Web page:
Develop is calling on studios to discuss the alleged burden of adding women to blockbuster games
The team behind Assassin's Creed Unity was forced to scrap work on playable female characters for the game because "it would have doubled the work".
The new Creed, announced last month and demonstrated for the first time at Ubisoft's E3 press conference, allows up to four players to play co-operatively – but every member of this quartet is male.
When asked why there is no option to play as a female assassin, Ubisoft technical director James Therien told VideoGamer that it would have required too much work.
"It was on our feature list until not too long ago, but it's a question of focus and production," he said. "We wanted to make sure we had the best experience for the character. A female character means that you have to redo a lot of animation, a lot of costumes. It would have doubled the work on those things. And I mean it's something the team really wanted but we had to make a decision.
"It's unfortunate, but it's a reality of game development."
Granted, four homogenised male assassins must be less technically intensive for the engine. And given the growing prominence of motion and facial performances in the triple-A titles of today, it's understandable that there will be a certain limit as to how much capture data a game can handle.
But it's hard to accept this reasoning when Assassin's Creed Brotherhood's multiplayer mode (way back in 2010, mind) featured no less than five female characters, free-running and fighting alongside male characters in matches that handled up to eight players and those crowds of bystanders the series built part of its technical reputation on.
What has changed to suddenly prevent the use of female characters, particularly given that Unity is powered by the next generation hardware of Xbox One and PS4?
Therien is not the first to use technical difficulties as the reason for excluding an entire gender. Last year, Call of Duty: Ghosts' executive producer and long-running CoD dev Mark Rubin told Kotaku the team had to completely reconstruct the engine to handle the addition of females to the game.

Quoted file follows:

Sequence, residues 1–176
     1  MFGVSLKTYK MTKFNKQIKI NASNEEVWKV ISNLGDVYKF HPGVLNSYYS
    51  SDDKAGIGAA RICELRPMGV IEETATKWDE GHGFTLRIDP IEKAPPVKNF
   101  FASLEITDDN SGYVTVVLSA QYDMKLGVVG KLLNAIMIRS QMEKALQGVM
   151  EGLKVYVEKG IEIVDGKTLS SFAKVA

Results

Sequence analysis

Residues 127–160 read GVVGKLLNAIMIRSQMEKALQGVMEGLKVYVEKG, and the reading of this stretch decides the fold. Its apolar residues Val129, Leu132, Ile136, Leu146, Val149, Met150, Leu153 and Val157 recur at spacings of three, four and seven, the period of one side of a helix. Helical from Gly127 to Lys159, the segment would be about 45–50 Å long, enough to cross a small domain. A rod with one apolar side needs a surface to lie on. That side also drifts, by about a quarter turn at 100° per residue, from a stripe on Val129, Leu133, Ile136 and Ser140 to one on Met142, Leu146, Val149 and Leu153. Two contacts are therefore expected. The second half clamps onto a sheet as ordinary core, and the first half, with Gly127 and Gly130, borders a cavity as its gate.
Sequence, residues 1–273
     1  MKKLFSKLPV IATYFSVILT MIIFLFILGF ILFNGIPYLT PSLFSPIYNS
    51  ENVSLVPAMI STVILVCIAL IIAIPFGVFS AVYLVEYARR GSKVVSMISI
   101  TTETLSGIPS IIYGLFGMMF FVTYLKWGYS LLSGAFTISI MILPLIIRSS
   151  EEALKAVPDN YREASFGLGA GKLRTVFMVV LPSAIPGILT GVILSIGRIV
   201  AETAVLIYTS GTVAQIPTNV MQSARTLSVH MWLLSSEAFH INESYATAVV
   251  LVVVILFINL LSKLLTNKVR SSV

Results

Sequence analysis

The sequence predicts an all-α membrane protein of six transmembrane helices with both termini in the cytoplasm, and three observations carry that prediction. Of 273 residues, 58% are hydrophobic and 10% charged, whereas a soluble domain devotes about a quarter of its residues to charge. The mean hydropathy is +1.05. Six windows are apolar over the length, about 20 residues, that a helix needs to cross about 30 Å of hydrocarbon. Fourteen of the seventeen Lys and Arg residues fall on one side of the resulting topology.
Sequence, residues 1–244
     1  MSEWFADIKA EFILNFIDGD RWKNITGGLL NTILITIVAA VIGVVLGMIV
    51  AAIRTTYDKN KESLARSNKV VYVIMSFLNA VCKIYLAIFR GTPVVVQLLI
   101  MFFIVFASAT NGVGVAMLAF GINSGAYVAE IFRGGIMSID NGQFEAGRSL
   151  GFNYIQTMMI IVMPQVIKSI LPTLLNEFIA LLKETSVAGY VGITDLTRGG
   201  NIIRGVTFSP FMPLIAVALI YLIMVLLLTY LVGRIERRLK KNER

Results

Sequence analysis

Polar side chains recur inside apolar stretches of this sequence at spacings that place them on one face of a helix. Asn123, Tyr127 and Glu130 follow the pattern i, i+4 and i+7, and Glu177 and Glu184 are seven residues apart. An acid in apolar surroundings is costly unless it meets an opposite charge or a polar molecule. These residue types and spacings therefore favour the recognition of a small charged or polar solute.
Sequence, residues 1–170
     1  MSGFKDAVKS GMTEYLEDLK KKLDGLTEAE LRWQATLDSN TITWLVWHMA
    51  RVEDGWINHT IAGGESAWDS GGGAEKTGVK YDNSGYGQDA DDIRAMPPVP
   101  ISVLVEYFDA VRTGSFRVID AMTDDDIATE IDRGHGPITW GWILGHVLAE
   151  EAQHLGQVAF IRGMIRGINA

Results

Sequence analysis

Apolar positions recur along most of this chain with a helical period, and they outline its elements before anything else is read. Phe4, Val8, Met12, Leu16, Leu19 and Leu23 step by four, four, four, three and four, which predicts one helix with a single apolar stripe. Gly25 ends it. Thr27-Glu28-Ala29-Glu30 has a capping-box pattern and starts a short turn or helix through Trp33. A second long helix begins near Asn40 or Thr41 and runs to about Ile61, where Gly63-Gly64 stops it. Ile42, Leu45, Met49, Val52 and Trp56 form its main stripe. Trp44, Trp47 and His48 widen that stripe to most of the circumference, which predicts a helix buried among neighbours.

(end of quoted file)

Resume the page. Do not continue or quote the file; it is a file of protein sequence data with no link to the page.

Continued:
"Our previous engine would not handle that," he claimed. "The way memory worked in the previous engine, it never would have been able to do that.
"When we got a chance to re-tool the engine completely, that gave us the opportunity to make the change that we could have character customization. That then gave us the opportunity to do female characters."
Obviously, every game is different and it's often difficult to draw direct comparisons. But it's hard to see why the most successful games on the market, with the highest production budgets and biggest teams (heck, Assassin's Creed has ten entire studios behind it) can't solve the problem of adding female characters when the likes of (off the top of my head) Skyrim, Saints Row, Left 4 Dead, Borderlands, Pokémon (okay, not quite on the same scale), every BioWare RPG and any MMO gives players the option from the word go.
None of these games seem to suffer from the burden of the female presence. Nor do those with female protagonists such as Tomb Raider, Remember Me, Mirror's Edge, Alien Isolation, Bayonetta, Heavenly Sword, Beyond Good & Evil – and, oh yeah, Assassin's Creed: Liberation.
In fact, has the excuse of "too much animation or modelling work" ever been a genuine reason to remove women from games? Perhaps, for indie devs and smaller studios with less budget and/or resource to offer a wide range of characters but for studios of this ilk, it sounds far less plausible.
Therien and Rubin's explanations might sound semi-acceptable to the average gamer, with little to no knowledge of the toll animations, character models and other associated resources take on the performace of a game, but what do you think? Are the technical complications of adding female characters really "the reality of game development"?
We want developers to share their thoughts and experiences with this issue. Comment below, or email James.Batchelor@intentmedia.co.uk. We'll publish the best responses on the website.